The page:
What you need to know before getting a TENS unit placement for neck pain

What you need to know before getting a TENS unit placement for neck pain

tens unit electrode placement for si joint pain Reading What you need to know before getting a TENS unit placement for neck pain 5 minutes Next Common Misconceptions About Text Neck Symptoms

Around 125 million Americans suffer from one or more musculoskeletal pain disorders. Because pain is experienced differently for each individual, some people require different treatment than others. Many people find TENS unit placement for neck pain an effective option. Other treatments involve electric nerve stimulation, physical therapy, or cognitive-behavioral therapy (CBT).

Electric nerve stimulation is not new. Back in ancient Rome, electric eels were used in early medical treatments. And the study of electrical currents by Ben Franklin in the 1700s brought electrical currents as a possible treatment for pain.

Pain can be debilitating and even the slightest pain brings annoying discomfort. The total costs of healthcare for managing pain reached $300 billion. For this reason, the healthcare industry is promoting the study of treatments and interventions to manage and prevent pain.

Below are the three major goals of pain management.

Reduce pain as quickly as possible
Restore the daily functioning of individuals
Cope with and monitor the side effects of therapy or treatment
One of the interventions that can reduce pain and restore an individual’s capacity to do activities of daily living (ADLs) almost immediately is the use of a TENS unit.

Gentle stretches like these should also be practiced, when appropriate, by those considering TENS unit placement for neck pain.
What exactly does a TENS unit do?
A Transcutaneous electrical nerve stimulation or TENS therapy uses a low voltage electrical current to manage pain. A TENS unit consists of a battery-powered device that delivers pulses of electricity through electrodes placed on the skin surface. These electrodes are usually placed at key locations:

At or near nerves where the pain is located
At trigger points
A TENS unit is generally safe. This treatment is nonpharmacological, noninvasive, inexpensive, and easy to use.

This device produces different effects on the body. The use of a low frequency of less than 10 Hz with high intensity is used to produce muscle contractions. On the other hand, less than 50 Hz is used with low-intensity stimulation to produce paresthesia or tingling (and relieve pain) without muscle contractions.

Why can’t I move my neck without it hurting?

A joint or nerve issue is usually the cause of intense pain. A nerve may be pinched, stretched, or compressed thereby causing pain. Or, the nerve may be irritated by chemicals produced by inflammation. To protect a pinched nerve, the brain signals the body to produce muscle spams, preventing the person from moving the head in case of neck pain or back pain.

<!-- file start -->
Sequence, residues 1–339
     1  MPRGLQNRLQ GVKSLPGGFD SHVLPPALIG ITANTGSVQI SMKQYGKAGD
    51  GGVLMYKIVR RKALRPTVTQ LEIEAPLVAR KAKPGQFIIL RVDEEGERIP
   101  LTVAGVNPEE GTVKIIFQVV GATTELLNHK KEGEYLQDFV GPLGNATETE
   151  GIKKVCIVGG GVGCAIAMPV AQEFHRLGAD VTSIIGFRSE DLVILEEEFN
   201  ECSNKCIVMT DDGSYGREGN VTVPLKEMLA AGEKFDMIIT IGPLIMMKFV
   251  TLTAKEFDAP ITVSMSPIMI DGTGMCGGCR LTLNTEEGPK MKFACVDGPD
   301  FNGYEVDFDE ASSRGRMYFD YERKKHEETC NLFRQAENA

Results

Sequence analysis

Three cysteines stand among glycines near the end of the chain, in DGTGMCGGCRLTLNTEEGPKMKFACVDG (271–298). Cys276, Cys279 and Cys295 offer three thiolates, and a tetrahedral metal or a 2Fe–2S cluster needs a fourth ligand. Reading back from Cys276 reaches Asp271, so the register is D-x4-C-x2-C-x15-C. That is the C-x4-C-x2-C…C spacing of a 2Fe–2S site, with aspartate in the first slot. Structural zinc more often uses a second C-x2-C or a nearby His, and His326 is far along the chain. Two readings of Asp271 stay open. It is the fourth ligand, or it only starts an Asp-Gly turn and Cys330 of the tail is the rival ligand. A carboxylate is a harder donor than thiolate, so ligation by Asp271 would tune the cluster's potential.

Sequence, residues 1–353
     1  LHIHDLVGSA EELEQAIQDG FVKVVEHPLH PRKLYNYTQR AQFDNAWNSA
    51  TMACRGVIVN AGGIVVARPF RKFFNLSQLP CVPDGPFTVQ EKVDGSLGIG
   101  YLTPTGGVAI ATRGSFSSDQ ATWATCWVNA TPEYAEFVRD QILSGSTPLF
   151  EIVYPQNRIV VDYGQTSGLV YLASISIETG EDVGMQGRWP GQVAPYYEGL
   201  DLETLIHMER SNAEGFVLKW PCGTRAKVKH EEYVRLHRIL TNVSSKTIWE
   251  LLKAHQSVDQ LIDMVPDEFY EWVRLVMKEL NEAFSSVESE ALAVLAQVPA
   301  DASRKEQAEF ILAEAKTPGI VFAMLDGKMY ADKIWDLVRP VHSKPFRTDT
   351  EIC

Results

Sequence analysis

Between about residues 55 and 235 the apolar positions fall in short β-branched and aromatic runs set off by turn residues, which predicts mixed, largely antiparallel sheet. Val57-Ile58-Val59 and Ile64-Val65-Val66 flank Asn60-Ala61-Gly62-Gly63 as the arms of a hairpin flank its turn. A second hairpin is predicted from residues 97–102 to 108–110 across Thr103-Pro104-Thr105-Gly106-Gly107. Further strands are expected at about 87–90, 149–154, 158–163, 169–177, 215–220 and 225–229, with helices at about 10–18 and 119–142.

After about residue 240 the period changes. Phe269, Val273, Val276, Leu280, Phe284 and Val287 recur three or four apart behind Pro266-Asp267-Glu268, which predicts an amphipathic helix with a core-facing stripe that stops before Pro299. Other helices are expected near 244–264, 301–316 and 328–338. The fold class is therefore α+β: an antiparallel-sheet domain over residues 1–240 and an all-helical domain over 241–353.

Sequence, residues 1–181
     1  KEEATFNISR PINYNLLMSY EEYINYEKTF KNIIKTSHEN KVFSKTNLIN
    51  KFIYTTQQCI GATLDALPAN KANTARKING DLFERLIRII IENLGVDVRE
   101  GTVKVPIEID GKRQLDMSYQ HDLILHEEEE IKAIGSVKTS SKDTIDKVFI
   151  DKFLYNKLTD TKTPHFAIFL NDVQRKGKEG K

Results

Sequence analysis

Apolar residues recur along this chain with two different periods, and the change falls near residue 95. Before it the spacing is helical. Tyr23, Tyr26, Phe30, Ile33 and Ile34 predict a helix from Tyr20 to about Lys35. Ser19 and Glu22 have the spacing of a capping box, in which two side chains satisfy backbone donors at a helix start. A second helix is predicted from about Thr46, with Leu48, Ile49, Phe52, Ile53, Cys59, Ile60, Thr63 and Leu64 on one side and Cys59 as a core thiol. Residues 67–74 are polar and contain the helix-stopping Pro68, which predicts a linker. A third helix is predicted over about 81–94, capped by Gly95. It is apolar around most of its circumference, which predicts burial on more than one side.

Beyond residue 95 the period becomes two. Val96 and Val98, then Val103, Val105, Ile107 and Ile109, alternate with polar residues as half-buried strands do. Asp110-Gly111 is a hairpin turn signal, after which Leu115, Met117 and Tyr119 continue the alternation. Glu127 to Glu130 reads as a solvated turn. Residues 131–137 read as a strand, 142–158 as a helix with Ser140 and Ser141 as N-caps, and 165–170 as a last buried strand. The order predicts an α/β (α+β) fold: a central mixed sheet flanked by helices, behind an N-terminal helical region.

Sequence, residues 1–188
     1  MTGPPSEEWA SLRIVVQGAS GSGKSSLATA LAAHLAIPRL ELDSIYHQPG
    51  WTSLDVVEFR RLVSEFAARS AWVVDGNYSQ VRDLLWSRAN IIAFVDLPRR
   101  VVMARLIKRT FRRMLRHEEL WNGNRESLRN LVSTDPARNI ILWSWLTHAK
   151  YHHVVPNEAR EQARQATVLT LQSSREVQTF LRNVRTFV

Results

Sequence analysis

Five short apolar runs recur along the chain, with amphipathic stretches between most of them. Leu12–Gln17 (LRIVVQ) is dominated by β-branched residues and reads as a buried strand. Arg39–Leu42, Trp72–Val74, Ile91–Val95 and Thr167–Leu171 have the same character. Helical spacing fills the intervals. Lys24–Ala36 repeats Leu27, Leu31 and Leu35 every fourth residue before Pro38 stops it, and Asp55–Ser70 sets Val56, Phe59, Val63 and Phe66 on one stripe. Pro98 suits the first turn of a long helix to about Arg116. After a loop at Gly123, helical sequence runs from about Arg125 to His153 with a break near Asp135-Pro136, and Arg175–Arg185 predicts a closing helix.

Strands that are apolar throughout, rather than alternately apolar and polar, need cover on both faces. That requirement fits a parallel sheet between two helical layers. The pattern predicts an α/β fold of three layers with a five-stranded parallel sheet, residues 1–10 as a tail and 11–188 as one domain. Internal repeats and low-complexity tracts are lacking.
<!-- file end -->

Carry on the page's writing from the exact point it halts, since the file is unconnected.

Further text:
Does a TENS unit promote healing?
The TENS causes vasodilation or an increase in blood flow. Other effects of TENS include analgesia or pain relief, sensory response, and possibly even tissue repair.

The three types of TENS:

Intense TENS (low-intensity and high-frequency)
Acupuncture-like TENS (high-intensity and low-frequency)
Conventional TENS (high-intensity and high-frequency)
Conventional TENS can be administered at any time during pain. Acupuncture-like TENS produce muscle contractions to temporarily reduce pain. And intense TENS are used for paresthesia which can mask acute pain and is administered for only a few minutes.

Medications, interventional treatments, and behavioral therapies are just some of the ways of managing pain. For example, medications that relieve pain are acetaminophen and NSAIDs. In particular, NSAIDs reduce the production of prostaglandins, responsible for inflammation and pain.

Oral medications have side effects and adverse effects that may cause systemic problems. Some oral medications like NSAIDs are safe when taken in small doses over a short period of time. They do have some side effects like causing stomach bleeding (ulcers) and kidney problems when overused or used for prolonged periods. The safer painkiller, acetaminophen, has some adverse effects such as headache and can lead to liver toxicity when taken in large amounts.

TENS may provide short-term relief for the pain. Take note that the muscles or tissues causing the pain still have the same structure or injury. TENS is not a cure for chronic pain, per se — the electrical pulses are just releasing natural hormones such as endorphins, resulting in pain relief.

tens unit placement for neck pain
TENS unit placement for neck pain can help ease the discomfort of neck strain.
How do TENS work?
A transcutaneous electrical nerve stimulator (TENS) sends pulses of electricity to jumpstart the body’s natural pain killers. These electrical pulses can release endorphins, which then relieves pain. TENS can reduce pain sensations.

Sensory response

TENS is used for acute pain to produce a strong enough tingling sensation but is still below the patient’s pain threshold. Also, sensory TENS is recommended in the early stages of tissue healing.

Motor response

For acute pain and early stages of tissue healing, sensory TENS (50-150 Hz) is indicated. Healing will progress, and TENS should be shifted to lower frequency motor stimulation (1-10 HZ). Motor TENS will stimulate receptors to produce a strong yet tolerable muscle contraction. This activates the release of endogenous opioids from the brain into the blood for pain relief.


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